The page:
# uncomplicate.neanderthal.sparse

Functions for creating sparse vectors and matrices. Sparse vectors or matrices are structures in which most elements are zeroes. Therefore, it makes sense to store only the few non-zero entries. There is a performance penalty to pay for these entries, in terms of both storage and computation, as they are stored using one of many possible compression schemes, but if there is only a small fraction of non-zero elements compared to zero elements, that penalty is offset by the fact that only a fraction of computations need to be done.

Compressed sparse storage schemes that we use here use dense vectors to store non-zero entries and appropriate indices. Therefore, most operations can be offloaded to these objects if needed. Neanderthal core functions are supported where it makes sense and where it is technically possible.

Please see examples in uncomplicate.neanderthal.sparse-test and Intel documentation.

### csr

`(csr fact m n idx idx-b idx-e nz options)``(csr fact m n idx idx-be nz options)``(csr fact m n idx idx-be options)``(csr fact m n source options)``(csr fact m n arg)``(csr arg0 arg1 arg2)``(csr fact a)`

Creates a compressed sparse (row) matrix using the supplied arguments and options.

Arguments: - `fact`: the factory that should create the matrix. - `m`: number of rows - `n`: number of columns - `nz`: a dense vector of values of non-zero entries. - `idx`: integer dense vector of indices that represent a column of the matching entry from `nz`. - `idx-b`: integer dense vector of indices that represent the index of the first non-zero element in the `nz` vector. - `idx-e`: and integer dense vector of indices that represent the index of the last non-zero element in the `nz` vector. - `options`: supported option is `:layout` (`:column` or `:row`).

• `idx-be`: `idx-b` and `idx-e` can be provided in one shared vector since each ending index is the beginning index of the next row.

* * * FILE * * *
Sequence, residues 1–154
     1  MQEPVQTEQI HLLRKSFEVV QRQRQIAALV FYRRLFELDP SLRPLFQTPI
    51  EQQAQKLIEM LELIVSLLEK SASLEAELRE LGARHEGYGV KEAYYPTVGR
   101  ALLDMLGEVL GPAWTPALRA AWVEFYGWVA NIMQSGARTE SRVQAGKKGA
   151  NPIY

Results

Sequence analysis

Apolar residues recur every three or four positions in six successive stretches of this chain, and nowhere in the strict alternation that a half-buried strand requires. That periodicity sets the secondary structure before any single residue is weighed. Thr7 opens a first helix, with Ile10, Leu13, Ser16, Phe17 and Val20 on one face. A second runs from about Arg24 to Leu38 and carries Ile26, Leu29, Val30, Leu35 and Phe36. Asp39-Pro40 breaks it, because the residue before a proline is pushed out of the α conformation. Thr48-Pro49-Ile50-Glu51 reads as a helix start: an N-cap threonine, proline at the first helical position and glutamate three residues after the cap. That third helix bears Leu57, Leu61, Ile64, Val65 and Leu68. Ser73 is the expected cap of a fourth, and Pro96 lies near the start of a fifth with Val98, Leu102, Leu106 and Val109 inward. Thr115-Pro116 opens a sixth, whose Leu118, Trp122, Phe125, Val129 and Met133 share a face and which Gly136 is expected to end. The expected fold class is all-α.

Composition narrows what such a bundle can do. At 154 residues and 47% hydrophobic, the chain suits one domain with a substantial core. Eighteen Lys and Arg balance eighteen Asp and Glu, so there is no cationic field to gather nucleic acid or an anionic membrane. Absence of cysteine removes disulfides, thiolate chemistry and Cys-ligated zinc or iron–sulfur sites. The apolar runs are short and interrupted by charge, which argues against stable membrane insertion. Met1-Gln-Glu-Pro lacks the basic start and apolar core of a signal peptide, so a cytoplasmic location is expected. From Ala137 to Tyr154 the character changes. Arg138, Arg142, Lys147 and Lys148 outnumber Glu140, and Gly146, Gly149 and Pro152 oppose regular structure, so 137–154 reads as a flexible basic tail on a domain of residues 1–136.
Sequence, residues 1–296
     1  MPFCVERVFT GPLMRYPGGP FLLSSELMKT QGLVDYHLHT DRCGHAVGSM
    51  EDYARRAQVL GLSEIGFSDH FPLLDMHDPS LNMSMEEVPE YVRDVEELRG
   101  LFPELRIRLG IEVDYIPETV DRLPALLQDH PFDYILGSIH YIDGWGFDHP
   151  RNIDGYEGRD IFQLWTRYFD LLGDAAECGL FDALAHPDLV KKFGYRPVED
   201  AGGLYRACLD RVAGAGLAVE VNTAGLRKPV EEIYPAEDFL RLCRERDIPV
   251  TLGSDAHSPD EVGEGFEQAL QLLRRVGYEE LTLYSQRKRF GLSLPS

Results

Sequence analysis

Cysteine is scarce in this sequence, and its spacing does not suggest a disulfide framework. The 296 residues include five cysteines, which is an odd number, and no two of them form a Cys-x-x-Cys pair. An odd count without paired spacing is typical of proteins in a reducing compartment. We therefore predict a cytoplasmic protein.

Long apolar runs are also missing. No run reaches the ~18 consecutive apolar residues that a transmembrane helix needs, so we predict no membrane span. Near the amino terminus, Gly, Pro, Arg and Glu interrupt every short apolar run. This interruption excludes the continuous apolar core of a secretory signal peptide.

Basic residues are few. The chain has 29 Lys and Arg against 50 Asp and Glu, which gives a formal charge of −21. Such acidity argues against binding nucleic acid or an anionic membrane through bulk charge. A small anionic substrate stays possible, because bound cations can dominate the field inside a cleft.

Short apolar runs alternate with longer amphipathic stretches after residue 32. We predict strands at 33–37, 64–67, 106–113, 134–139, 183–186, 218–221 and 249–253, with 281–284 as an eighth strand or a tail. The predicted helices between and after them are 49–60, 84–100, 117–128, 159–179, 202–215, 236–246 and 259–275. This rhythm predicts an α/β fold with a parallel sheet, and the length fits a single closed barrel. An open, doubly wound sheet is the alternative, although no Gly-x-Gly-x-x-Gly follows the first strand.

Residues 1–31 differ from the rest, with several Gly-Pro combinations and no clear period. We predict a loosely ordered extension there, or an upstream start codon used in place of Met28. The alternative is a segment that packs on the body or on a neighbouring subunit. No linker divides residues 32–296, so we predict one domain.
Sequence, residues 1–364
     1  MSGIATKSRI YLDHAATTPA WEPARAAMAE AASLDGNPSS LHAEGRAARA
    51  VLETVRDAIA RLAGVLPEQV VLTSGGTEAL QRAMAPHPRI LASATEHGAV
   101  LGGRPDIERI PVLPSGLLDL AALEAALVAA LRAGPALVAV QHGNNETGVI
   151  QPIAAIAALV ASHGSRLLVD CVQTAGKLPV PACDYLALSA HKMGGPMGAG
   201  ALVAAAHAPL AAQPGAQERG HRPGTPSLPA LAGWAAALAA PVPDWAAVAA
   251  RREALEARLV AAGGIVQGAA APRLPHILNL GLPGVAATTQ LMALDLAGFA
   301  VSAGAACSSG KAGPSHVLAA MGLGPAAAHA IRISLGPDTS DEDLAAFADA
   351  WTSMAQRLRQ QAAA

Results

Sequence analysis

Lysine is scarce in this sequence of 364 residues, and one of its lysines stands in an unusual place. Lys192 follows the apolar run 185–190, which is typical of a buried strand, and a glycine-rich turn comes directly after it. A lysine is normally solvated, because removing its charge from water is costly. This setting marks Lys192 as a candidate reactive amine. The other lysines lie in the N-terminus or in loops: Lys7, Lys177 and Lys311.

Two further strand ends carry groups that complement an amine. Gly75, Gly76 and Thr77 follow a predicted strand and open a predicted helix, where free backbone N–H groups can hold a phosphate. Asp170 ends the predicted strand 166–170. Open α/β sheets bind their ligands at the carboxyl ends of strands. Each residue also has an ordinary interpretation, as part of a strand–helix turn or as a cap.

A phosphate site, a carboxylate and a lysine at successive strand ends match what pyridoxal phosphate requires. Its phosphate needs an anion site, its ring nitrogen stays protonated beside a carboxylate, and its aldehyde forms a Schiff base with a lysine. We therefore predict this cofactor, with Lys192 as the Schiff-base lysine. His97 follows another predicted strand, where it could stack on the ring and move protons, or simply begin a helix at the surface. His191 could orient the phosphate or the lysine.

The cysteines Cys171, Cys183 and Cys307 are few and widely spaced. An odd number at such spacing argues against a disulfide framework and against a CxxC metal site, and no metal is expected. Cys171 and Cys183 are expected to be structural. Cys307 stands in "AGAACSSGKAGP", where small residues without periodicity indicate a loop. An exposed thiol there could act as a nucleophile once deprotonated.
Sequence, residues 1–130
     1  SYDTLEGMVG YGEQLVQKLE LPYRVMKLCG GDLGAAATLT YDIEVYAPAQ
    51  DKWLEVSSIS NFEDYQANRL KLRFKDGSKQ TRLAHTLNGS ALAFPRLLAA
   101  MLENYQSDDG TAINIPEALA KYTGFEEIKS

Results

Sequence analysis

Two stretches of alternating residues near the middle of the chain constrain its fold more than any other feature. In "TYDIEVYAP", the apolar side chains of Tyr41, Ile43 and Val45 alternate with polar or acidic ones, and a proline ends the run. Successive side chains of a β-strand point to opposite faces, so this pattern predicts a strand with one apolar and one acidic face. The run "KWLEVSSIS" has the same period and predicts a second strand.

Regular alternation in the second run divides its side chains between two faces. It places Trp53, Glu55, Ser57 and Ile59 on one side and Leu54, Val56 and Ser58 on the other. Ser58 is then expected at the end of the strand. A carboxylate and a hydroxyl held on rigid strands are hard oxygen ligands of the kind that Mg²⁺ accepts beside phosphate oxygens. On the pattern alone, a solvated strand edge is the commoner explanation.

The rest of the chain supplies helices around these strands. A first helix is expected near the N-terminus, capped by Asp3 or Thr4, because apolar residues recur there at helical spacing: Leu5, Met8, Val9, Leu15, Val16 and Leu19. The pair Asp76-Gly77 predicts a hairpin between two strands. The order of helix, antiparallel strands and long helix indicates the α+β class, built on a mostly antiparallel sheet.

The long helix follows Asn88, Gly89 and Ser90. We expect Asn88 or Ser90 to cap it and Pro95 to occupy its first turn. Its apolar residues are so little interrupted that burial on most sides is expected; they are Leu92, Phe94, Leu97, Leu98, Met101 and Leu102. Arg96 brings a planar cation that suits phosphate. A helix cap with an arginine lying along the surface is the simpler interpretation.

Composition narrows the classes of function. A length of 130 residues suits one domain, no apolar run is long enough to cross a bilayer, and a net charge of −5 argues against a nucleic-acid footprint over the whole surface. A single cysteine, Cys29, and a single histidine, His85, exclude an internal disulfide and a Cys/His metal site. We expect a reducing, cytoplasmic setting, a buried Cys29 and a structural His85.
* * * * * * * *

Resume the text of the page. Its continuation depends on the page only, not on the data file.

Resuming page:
• `source`: can be another CSR, in which case its constituent index vectors are shared, or a Clojure sequence that contains data. This function will analyze the sequence and will try to guess its format. Please see examples in uncomplicate.neanderthal.sparse-test for the examples. The same formats are accepted by uncomplicate.neanderthal.core/transfer!.

The indices are zero-based by default.

Please see Sparse BLAS CSR Matrix Storage Format for a more detailed technical explanation of the CSR format, and the illustrative example.

### csr?

`(csr? x)`

Checks whether `x` is a compressed sparse (row) matrix (CSR). CSR is the default compression scheme, supported by all routines in major libraries. Compressed columns usually do not have such a good coverage, and they are redundant anyway.

### csv

`(csv fact n idx nz & nzs)``(csv fact n source)``(csv fact cs)`

Creates a compressed sparse vector (CSV) using the supplied arguments.

Arguments: - `fact`: the factory that should create the vector. - `n`: vector dimension; number of both zero and non-zero entries. - `nz`: a dense vector of values of non-zero entries, or varargs of those entries. - `idx`: integer dense vector of indices of the matching entries from `nz`. - `source`: can be another CSV, in which case its constituent indices vector is shared, or a Clojure sequence that contains data. Please see examples in uncomplicate.neanderthal.sparse-test. The same formats are accepted by uncomplicate.neanderthal.core/transfer!.

The indices are zero-based by default.

See more about sparse vectors in Sparse BLAS Routines.

### csv?

`(csv? x)`

Checks whether `x` is a compressed sparse vector (CSV).